Between March 9 and April 9 of this year, the city of Crestview recorded five pedestrians and one bicyclist struck by drivers. All of the accidents happened on State Road 85, called Ferdon Boulevard in the city.

One of the pedestrians struck, a man hit in the dark on SR 85 during a pouring rain, died. Police believe he was standing in the roadway when he was run down.

Another victim was hit by a driver who swerved across five lanes of traffic, and a third and fourth as they stood in the road looking at a dead dog. One woman was crossing SR 85 while looking down at her cellphone. The bicyclist was trying to cross the highway near Cracker Barrel Road.

Crestview Police Chief Tony Taylor said a lack of attention on the part of either the victims or the drivers involved in the spree of accidents was largely to blame for their occurrence.

He said none of the six accidents happened at what he believes are the most dangerous Crestview intersections. Those, Taylor said, are SR 85 at the Walmart entrance road, Redstone Avenue and SR 85, and U.S. 90 and SR 85.

Pedestrian/bicycle fatalities since 2012
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Taylor said that accidents take a toll not just on the victims, but also on police officers and rescue crews who show up at the scene. Though young officers receive extensive field training, Taylor said, nothing prepares someone for the carnage that can occur when thousands of pounds of metal come together at high speeds.

He recalled one officer walking away from a traffic accident in a catatonic state when he arrived on scene to find the driver decapitated. He never returned to the police force.

WCSO's Falk said, during 18 years in law enforcement, he has seen his share of traffic accidents so horrific they haunt him.

He, like other officers, vent their frustration at the fact that so many of the wrecks they see should never have happened.

“To have to see the injuries that these crashes cause, when it could all be prevented, will make an impact on anyone’s life,” Falk said. “I have had the misfortune of seeing children die simply because they were not made to wear a seatbelt or because it was more important for that new driver to be texting.”

Combat 101

Taylor said drivers seem less and less inclined these days to abide by the rules of the road.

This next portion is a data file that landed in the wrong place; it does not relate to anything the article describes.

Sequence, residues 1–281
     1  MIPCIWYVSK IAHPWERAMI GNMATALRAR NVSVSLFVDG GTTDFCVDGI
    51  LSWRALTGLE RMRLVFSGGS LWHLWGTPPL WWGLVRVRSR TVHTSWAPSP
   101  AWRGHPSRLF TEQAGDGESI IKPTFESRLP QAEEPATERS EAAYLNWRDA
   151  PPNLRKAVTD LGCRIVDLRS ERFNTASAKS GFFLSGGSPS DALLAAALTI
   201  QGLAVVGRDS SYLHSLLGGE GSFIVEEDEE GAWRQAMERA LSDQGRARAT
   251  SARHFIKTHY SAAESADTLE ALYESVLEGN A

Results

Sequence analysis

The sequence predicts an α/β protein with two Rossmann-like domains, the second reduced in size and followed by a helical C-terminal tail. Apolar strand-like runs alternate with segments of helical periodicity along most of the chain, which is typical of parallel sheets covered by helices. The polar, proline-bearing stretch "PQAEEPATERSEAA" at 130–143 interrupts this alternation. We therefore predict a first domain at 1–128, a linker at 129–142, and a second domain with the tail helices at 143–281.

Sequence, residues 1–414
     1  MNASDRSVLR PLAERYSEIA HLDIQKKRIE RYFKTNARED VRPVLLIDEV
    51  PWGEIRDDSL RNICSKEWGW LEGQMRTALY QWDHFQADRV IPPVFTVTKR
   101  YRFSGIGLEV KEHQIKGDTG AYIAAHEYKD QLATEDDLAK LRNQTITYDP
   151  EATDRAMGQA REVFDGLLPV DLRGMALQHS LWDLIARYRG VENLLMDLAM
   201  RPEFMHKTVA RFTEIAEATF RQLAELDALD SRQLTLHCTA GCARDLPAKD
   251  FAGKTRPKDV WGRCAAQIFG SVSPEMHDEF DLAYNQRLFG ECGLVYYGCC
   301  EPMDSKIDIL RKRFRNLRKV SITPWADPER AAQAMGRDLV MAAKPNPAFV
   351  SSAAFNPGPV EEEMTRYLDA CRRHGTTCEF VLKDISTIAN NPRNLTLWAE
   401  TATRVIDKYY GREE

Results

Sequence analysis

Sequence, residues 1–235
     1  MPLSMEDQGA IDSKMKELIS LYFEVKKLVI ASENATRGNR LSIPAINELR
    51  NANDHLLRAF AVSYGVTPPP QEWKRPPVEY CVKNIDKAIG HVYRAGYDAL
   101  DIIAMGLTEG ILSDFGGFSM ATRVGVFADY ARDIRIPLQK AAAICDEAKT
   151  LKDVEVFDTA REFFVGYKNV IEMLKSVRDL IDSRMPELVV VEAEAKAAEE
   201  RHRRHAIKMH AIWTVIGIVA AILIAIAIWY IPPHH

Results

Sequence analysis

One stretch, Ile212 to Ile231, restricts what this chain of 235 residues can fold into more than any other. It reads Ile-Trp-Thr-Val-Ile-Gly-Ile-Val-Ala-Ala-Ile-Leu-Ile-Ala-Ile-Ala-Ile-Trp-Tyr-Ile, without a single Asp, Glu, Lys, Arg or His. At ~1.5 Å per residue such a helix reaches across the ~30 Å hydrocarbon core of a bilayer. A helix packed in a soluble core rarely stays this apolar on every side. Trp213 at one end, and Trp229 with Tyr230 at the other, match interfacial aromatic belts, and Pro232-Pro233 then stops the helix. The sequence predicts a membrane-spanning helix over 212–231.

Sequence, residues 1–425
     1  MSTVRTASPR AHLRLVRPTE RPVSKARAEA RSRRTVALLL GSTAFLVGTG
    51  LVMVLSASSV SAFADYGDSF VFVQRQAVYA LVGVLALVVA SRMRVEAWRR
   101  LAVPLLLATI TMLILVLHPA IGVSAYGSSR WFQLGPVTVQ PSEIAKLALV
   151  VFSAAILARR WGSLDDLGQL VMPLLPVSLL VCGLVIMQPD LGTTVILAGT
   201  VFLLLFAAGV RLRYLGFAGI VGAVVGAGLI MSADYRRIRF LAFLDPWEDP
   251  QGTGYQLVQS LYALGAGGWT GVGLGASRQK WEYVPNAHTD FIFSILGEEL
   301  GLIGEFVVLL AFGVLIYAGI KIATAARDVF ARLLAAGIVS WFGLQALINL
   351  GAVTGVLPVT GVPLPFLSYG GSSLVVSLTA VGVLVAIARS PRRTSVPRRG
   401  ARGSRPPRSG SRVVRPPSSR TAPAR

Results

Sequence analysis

“It appears to me drivers are getting more aggressive every day. Everyone has a mission and that mission is more important than anyone else on the road,” he said. “Driving is not a leisurely activity, for some it’s combat 101.”

Elmore and his fellow state troopers spend a lot of time in classrooms, attempting to educate young people about safe driving.

“We do a lot of school presentations, and if it can change one person’s behavior, one out of a hundred, I think it’s worth it,” he said.

Taylor advises adults to “teach kids to drive every other car they encounter on the road.”

“They need to learn to anticipate what that other driver is going to do,” he said.

Elmore said the Highway Patrol has begun focusing on “parental engagement,” trying to convince adults to act as role models when children are in a vehicle with them.

“Kids are going to mimic the behavior of their parents,” he said. “If a parent is driving down the road talking on the phone ….”

When Elmore speaks to any audience, his message is sure to resonate. He is a fatal wreck survivor.

Elmore said he was 14 when he and his brother and sister were involved in a tragic accident. He spent a lot of time in a hospital bed, he said, but nonetheless survived.

His siblings were not so lucky.

“As a sole survivor of a car crash, this stuff hits home to me.” he said.

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2017 BY THE NUMBERS

OKALOOSA COUNTY: Through May 25, there have been 1,196 motor vehicle accidents, leaving 730 injured and 10 dead. Two pedestrians and one bicyclist have also died.

SANTA ROSA COUNTY: Through May 25, there have been 697 motor vehicle accidents, leaving 592 injured and six dead. One pedestrian and one bicyclist have also died.

WALTON COUNTY: Through May 25, there have been 467 motor vehicle accidents, leaving 272 injured and 14 dead. Three pedestrians and no bicyclists have been killed.

TOTAL: Through May 25 for the three counties, there have been a total of 2,360 wrecks, 1,594 injuries, 30 motor vehicle deaths, six pedestrian deaths and two bicyclist deaths.

2013-2017: Over the last five years, Okaloosa County has averaged 3,008 motor vehicle accidents each year, Santa Rosa 1,812 and Walton 1,135. Those numbers have mostly trended upward, Florida Integrated Report Exchange System data showed.